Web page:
“must not be the sport of an idle hour, mere matters of pleasantry and badinage, never intended by the parties to have any serious effect whatever Dalrymple v. Dalrymple (1811) 2 Hag. Can. 54 at 105”

In addition to the phenomenon of agreement and the presence of consideration, a third contractual element is required. It is the intention of the parties to create legal relations. The very presence of consideration implies the existence of such an intention. To make a bargain is to assume liability and to invite the sanctions of the courts.

In commercial agreements, it will be presumed that the parties intended to create legal relations and make a contract. But the presumption may be rebutted but the burden is very heavy. Certainly, in the instant appeal, it has not been rebutted. This was a business and not a domestic agreement and the burden of rebutting the presumption of legal relations lay upon the defendant/respondent. It is unthinkable that the appellant will serve the employer and carry out the duties of her office and not have a legal right to her wages. Similarly, the respondent has a legal right to the service of the appellant in the office for which she was employed. It is only in the course of family life that many agreements are made which could never be the subject of litigation. If a husband arranges to make a monthly allowance to his wife for her personal enjoyment, neither would normally be taken to contemplate legal relations. See

Balfour v. Balfour (1919) 2 K.B. 571 at 578-579

See also

Pettitt v. Pettitt (1970) A.C. 777 at pp.822, 413-4

Agreement between parent and child may present problems similar to husband and wife. See Jones v. Padavatton (1969) 2 All E.R. 616; (1969) 1 W.L.R. 328. These are distinguishable from the instant appeal.

It should be observed that the order of performance of obligations by the parties in contract of employment is a pointer to the intention to create legal relations. The normal approach is work first, payment later, and the doing of the work is a condition precedent. The reasons for this approach are not easy to find. It is that the employer will usually be a better credit risk than the employee. There is also the point that the employee who has performed has a relatively simple method of forcing the employer to perform by bringing an action for wages while the employer who has paid in advance can get his money back if the work is not done but cannot get an order for specific performance against the employee.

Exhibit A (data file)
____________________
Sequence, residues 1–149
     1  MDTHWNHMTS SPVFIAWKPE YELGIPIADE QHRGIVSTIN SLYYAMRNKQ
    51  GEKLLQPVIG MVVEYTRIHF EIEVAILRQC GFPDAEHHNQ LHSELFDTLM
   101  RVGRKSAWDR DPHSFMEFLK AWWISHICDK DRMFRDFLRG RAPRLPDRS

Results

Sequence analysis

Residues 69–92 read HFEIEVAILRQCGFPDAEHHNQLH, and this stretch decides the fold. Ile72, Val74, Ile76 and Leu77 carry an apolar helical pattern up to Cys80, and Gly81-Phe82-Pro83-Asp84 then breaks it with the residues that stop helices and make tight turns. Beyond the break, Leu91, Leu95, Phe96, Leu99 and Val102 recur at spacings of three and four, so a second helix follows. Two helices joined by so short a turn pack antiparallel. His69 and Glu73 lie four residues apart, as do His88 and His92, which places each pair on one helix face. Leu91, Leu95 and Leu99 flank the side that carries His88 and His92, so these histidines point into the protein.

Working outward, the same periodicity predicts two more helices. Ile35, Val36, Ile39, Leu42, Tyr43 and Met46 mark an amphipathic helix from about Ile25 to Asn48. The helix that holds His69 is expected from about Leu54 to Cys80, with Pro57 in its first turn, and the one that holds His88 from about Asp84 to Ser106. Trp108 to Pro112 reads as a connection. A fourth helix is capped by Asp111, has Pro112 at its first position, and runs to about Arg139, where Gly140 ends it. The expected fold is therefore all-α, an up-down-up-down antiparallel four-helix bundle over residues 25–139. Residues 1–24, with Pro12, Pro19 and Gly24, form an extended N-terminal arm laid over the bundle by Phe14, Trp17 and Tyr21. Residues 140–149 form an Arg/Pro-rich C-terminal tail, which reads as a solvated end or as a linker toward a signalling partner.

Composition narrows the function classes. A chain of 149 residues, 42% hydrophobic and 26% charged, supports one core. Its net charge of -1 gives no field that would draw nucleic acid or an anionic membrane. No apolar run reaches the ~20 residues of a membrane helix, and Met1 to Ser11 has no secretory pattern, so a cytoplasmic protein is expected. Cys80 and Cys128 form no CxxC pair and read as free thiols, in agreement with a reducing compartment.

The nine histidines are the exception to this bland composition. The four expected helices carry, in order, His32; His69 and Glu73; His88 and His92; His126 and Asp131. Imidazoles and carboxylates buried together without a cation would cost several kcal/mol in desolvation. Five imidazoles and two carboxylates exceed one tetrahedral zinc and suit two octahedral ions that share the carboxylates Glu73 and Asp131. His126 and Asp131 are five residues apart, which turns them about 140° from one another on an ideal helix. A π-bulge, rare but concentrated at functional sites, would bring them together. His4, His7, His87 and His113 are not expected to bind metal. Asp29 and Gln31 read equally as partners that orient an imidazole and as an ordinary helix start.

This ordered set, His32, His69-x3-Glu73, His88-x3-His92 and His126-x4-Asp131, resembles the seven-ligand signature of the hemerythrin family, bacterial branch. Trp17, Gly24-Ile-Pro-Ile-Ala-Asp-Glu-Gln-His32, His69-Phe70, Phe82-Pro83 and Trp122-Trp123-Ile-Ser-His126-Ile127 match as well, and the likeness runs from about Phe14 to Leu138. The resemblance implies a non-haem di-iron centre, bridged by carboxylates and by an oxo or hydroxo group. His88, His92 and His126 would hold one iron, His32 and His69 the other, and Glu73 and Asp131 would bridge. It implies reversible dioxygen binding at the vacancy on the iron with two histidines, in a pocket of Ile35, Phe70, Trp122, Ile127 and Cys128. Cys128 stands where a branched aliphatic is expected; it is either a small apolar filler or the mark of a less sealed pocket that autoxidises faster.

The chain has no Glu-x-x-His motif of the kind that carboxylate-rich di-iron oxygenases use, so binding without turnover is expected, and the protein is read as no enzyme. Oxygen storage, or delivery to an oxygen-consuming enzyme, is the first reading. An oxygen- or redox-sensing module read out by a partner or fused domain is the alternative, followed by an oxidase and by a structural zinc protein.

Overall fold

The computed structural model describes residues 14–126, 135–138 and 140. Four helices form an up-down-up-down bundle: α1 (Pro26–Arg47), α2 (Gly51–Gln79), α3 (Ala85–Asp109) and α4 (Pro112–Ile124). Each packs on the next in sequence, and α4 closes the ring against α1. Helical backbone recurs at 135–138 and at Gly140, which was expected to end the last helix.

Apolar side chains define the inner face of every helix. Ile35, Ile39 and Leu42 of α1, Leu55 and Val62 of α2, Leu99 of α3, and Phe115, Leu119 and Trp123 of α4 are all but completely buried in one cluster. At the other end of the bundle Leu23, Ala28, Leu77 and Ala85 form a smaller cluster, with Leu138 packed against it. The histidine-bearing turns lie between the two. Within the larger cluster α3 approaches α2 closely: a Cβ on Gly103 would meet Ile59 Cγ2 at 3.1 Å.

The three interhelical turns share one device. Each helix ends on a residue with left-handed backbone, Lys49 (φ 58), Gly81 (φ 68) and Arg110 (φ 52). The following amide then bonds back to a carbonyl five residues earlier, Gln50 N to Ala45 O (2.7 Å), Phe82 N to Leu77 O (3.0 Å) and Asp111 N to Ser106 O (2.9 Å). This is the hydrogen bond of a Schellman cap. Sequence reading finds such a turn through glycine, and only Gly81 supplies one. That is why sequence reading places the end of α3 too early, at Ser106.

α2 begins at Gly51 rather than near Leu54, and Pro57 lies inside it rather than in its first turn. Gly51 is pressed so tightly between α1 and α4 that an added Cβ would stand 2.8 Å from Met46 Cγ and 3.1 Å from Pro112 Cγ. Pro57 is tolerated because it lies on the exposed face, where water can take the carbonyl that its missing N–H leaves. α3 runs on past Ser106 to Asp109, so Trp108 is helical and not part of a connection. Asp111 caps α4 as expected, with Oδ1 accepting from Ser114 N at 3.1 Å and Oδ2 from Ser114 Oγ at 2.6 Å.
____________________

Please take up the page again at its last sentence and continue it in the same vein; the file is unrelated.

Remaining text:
By the letter of employment Exhibit A accepted by the appellant, it was the intention of the parties to create legal relations and the justices of the Court of Appeal were clearly in error when they held that the appellant could not institute a claim in this action because there was no intention to create legal relation. See section 7(1); Section 9(2), (6), (7); Section 11(1), (2); Section 16(1) Labour Decree 1974 No. 21.

The parties did not appeal on the quantum of damages awarded either to the Court of Appeal or to this Court to warrant an examination of that issue.

Having disposed of the only issue raised, i.e. whether there was legal relations intended by the parties to enable the appellant to invoke the sanction of the court, I hereby allow the appeal.

The decision of the Court of Appeal is hereby set aside and the judgment with the order as to costs delivered by the High Court restored. The appellant is entitled to costs in this Court fixed at N500.00 and in the court below assessed at N250.00.


SC.213/1985

Leave a Reply

Your email address will not be published. Required fields are marked *